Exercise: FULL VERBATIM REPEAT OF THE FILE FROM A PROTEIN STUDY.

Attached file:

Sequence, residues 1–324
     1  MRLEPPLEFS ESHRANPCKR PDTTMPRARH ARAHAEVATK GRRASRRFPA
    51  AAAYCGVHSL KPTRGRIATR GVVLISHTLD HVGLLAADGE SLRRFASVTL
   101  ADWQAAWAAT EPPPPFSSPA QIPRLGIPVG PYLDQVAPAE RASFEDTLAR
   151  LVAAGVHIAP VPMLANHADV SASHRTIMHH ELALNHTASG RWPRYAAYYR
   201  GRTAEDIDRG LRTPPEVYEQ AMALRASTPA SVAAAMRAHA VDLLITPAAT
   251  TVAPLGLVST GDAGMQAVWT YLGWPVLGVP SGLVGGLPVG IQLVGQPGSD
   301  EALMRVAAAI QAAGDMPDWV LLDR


Sequence, residues 1–324
     1  MRLEPPLEFS ESHRANPCKR PDTTMPRARH ARAHAEVATK GRRASRRFPA
    51  AAAYCGVHSL KPTRGRIATR GVVLISHTLD HVGLLAADGE SLRRFASVTL
   101  ADWQAAWAAT EPPPPFSSPA QIPRLGIPVG PYLDQVAPAE RASFEDTLAR
   151  LVAAGVHIAP VPMLANHADV SASHRTIMHH ELALNHTASG RWPRYAAYYR
   201  GRTAEDIDRG LRTPPEVYEQ AMALRASTPA SVAAAMRAHA VDLLITPAAT
   251  TVAPLGLVST GDAGMQAVWT YLGWPVLGVP SGLVGGLPVG IQLVGQPGSD
   301  EALMRVAAAI QAAGDMPDWV LLDR